The United States and the Taliban will sign an agreement on 29 Feb. at the end of a planned week-long “reduction in violence” in Afghanistan, US officials and the Taliban said on Friday, stirring fresh hopes for an end to the protracted conflict. The agreement could represent a chance for peace and a pullout of thousands of US troops that have been in the country since US-led forces ousted the hardline Islamist Taliban from power in 2001.
Previous attempts at negotiating peace agreements have been scuttled by Taliban attacks on international forces, most recently in December last year when an attack on a US military base put talks on hold. The reduction in violence (RIV), to be observed by Afghan, international and Taliban forces, will begin at midnight (1930 GMT) on Friday, Afghan President Ashraf Ghani said in a televised address.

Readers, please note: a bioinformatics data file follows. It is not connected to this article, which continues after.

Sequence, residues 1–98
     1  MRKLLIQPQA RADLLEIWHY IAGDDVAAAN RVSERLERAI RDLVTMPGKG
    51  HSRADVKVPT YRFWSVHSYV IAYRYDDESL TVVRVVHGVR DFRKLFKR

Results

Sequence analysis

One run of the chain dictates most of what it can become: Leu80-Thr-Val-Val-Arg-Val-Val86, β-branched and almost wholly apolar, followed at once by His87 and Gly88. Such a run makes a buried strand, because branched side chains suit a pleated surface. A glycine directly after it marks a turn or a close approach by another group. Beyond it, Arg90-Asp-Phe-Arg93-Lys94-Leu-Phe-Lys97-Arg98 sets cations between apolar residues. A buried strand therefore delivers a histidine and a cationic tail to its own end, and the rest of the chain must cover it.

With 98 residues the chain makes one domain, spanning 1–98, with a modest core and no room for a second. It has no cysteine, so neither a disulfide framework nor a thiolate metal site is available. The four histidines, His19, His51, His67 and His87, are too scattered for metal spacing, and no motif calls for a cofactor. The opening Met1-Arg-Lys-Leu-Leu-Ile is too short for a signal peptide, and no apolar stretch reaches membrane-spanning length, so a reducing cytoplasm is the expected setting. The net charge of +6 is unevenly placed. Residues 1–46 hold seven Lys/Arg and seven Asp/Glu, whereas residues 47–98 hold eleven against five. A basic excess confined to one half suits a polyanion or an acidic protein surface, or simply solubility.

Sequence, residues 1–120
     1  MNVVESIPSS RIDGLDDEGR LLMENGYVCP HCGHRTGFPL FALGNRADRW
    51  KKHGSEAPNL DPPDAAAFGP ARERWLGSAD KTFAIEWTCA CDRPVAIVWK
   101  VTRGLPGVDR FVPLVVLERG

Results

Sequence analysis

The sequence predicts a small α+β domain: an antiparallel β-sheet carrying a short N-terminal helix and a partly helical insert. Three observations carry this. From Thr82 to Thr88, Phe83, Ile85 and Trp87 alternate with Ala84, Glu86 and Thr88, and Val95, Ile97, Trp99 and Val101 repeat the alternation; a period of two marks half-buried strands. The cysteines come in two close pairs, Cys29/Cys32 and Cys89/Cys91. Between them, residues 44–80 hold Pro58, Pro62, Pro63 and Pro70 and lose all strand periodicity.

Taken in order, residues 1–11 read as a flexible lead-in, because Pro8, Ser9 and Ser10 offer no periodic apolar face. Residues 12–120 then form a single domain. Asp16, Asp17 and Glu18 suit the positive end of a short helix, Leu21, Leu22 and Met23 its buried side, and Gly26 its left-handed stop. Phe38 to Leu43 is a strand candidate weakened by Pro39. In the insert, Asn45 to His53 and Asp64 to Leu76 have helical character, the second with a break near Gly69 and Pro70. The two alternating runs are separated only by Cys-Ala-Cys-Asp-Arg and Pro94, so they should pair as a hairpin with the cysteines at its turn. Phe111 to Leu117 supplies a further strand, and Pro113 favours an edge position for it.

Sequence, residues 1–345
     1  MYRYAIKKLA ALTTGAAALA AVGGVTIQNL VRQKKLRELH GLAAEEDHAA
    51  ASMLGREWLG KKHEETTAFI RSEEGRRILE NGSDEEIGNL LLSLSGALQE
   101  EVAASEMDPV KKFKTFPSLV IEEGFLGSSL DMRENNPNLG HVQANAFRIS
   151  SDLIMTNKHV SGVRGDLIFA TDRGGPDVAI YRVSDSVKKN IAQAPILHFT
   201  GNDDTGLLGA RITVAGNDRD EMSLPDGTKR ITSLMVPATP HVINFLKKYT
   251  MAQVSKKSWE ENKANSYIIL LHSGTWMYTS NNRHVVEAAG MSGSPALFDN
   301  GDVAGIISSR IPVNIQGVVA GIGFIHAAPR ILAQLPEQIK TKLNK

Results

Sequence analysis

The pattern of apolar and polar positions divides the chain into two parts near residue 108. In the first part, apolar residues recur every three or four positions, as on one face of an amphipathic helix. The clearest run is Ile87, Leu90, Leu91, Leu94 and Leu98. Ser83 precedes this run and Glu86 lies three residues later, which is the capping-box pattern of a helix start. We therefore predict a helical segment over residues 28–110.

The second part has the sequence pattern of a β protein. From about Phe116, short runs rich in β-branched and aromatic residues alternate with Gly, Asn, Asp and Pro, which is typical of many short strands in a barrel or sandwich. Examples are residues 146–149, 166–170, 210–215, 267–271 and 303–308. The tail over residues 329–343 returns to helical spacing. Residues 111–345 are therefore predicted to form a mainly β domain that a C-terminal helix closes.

Written instructions from the Taliban’s leadership, shared with journalists, instructed all fighters to be on the defensive and to not travel to areas controlled by the Afghan govt and international forces. Instructions on what would happen after signing a deal with the US after seven days would be shared later, the Taliban spokesman said.